Vicarious Trauma - Vicarious Trauma typically occurs in the context of repeatedly hearing of traumatic events occurring to another, such as a client (Pirelli, 2020). Vicarious trauma may cause changes to an individual’s ideology, cognitions and emotions (Hatcher & Noakes 2010). Vicarious trauma is similar to compassion fatigue in that it can be described as an emotional consequence of professionals being exposed to traumatised clients (Huggard et al., 2017) and can also present with similar symptoms to that of PTSD (Branson, 2019).
Burnout – Has been defined as a concept that impacts on work engagement from prolonged experience of stressful conditions (Hatcher & Noakes, 2010). Burnout is considered different to compassion fatigue in that it is attributed to workplace stress, for example meeting high job demands (Wynn, 2020), not exposure to another person’s distress (Figley, 2002a).
Branson (2019) notes there is a vulnerability in the validity in the literature regarding these interrelated terms exists in part due to using incorrect terminology, i.e.: using the term vicarious trauma when actually referring to secondary traumatic stress.
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Mental health professionalsEdit
Beyond Blue (2022) defines a mental health professional as someone who is qualified in the treatment and management of mental health conditions. Whilst this list is not exhaustive this may include (Beyond Blue 2022):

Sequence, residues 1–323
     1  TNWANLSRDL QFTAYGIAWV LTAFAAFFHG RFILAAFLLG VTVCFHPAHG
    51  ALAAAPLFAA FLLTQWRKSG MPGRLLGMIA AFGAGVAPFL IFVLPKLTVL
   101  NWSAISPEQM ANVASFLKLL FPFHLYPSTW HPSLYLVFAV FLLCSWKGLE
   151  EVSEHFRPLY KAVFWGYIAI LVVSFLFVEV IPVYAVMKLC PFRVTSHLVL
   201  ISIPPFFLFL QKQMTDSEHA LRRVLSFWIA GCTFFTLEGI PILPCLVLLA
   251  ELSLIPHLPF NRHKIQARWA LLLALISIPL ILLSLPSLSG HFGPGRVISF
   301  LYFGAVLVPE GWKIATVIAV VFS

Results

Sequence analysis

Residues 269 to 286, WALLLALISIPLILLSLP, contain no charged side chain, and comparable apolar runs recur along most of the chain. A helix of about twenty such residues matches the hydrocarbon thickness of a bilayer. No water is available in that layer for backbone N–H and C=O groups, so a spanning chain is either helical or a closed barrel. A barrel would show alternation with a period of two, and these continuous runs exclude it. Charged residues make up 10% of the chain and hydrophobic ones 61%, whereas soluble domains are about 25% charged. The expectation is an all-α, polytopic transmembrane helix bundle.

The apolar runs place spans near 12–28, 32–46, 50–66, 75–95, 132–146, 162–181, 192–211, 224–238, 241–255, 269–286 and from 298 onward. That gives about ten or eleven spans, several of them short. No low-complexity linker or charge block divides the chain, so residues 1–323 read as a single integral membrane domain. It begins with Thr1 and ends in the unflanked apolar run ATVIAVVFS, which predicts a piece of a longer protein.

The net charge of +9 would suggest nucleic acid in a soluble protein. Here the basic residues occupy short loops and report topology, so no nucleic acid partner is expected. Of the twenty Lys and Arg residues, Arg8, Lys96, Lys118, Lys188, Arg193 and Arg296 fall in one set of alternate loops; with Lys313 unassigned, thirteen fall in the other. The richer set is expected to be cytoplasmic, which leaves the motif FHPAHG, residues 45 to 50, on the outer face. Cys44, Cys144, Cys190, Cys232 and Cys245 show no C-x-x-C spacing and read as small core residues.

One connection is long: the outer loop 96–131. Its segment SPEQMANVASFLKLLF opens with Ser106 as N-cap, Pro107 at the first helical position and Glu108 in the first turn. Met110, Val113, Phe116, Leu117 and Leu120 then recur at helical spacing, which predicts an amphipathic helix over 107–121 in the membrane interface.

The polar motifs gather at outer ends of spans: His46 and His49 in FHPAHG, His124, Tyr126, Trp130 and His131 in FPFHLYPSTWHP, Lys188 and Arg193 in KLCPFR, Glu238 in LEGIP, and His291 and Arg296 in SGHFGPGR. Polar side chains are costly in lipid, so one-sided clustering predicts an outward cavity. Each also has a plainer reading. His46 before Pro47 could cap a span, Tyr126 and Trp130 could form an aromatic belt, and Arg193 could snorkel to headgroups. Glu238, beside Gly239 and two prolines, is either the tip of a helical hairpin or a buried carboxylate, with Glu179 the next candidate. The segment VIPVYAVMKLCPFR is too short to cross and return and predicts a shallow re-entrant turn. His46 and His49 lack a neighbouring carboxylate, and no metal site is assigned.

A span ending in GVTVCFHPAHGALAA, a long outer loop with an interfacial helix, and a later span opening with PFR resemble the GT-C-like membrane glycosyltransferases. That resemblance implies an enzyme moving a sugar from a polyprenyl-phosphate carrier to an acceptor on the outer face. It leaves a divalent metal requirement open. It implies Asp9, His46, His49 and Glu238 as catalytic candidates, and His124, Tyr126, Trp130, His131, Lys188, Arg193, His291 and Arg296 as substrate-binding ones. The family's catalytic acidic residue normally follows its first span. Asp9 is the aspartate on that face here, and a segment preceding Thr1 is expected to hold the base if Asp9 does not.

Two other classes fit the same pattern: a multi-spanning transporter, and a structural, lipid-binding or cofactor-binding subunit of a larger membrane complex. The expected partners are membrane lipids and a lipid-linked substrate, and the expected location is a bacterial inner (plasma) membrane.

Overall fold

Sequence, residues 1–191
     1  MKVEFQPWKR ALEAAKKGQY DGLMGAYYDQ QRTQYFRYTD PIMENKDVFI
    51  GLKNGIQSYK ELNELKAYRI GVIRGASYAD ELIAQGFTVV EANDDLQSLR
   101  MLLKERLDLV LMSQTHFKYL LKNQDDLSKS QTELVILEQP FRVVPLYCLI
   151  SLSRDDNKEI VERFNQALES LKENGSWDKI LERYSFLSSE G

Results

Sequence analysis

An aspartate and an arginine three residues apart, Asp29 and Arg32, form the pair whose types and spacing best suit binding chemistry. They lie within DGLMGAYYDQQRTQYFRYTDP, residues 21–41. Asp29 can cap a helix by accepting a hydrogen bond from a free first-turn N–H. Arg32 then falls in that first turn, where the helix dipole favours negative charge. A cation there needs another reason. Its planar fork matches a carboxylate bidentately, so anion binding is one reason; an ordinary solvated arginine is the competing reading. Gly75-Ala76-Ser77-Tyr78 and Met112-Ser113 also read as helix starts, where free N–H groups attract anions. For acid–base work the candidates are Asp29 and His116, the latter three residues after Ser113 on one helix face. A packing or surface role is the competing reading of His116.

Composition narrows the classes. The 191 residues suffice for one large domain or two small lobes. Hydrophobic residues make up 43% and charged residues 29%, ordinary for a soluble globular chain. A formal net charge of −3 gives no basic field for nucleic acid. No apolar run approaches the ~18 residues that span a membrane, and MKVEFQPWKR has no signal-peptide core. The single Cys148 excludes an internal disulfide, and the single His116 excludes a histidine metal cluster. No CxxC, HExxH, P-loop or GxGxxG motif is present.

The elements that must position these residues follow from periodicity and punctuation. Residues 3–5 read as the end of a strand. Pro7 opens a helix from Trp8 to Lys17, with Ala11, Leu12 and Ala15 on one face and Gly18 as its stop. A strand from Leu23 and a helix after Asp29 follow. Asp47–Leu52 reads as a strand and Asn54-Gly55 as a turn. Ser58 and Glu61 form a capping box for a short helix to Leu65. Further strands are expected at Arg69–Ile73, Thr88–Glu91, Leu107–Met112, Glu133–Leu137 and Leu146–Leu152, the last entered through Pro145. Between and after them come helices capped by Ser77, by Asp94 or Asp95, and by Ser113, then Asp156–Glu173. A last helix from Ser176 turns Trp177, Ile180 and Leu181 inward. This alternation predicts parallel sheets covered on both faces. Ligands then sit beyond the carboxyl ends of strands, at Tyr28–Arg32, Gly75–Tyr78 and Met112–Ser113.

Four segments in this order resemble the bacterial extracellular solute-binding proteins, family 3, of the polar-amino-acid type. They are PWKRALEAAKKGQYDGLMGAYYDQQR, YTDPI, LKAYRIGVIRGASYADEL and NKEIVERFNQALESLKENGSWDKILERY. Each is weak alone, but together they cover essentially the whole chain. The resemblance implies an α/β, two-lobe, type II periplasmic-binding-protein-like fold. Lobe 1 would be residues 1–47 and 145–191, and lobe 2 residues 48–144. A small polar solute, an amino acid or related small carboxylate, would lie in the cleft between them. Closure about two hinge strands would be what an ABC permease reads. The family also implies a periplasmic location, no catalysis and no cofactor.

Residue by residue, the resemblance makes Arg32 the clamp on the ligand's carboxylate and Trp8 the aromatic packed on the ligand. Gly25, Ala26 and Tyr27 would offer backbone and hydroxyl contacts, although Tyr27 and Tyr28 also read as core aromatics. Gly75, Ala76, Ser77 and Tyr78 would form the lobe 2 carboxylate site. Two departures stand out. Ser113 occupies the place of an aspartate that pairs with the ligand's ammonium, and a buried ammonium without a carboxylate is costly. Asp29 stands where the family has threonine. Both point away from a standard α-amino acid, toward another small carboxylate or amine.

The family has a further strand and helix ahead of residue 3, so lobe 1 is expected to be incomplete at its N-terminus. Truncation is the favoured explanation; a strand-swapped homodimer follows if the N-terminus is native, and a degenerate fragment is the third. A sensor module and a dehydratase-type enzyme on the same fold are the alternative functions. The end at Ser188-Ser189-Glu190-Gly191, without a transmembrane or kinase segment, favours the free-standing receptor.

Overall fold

- General Practitioners
- Mental Health Social Workers
- Mental Health Occupational Therapists
- Aboriginal and Torres Strait Islander Health Workers
- Crisis Assessment or Acute Treatment Teams
Compassion in mental health professionsEdit
To understand compassion fatigue, it can be helpful to understand the definition of compassion. Compassion as defined by the Cambridge Dictionary (2022) is ‘a strong feeling of sympathy and sadness for the suffering or bad luck of others and a wish to help them’. Compassion is integrated into the daily work of a mental health professional (Joslin, 2021). The degree to which mental health professionals use compassion and empathy in their interactions with clients is seen to impact whether the client likes and trusts that professional (Figley 2002a; Figley 2022b). Client liking and trust are fundamental to building a therapeutic alliance (Figley 2002a; Figley 2022b). A strong therapeutic alliance has been thought to aid in the improvement of recovery outcomes in the treatment of issues including but not limited to: substance abuse disorders (Wiprovnick et al., 2015) psychosis (Browne et al., 2019) and depression (Cooper et al., 2015).
The development of compassion fatigueEdit
A systematic review of 15 studies that included 3356 combined participants from varying mental health professions was completed by Singh et al. (2020),who reported that 19.8% of the participants were experiencing some level of compassion fatigue. Both personal factors and workplace factors can contribute to mental health professionals developing compassion fatigue (Sing et al., 2020).
Workplace and individual factorsEdit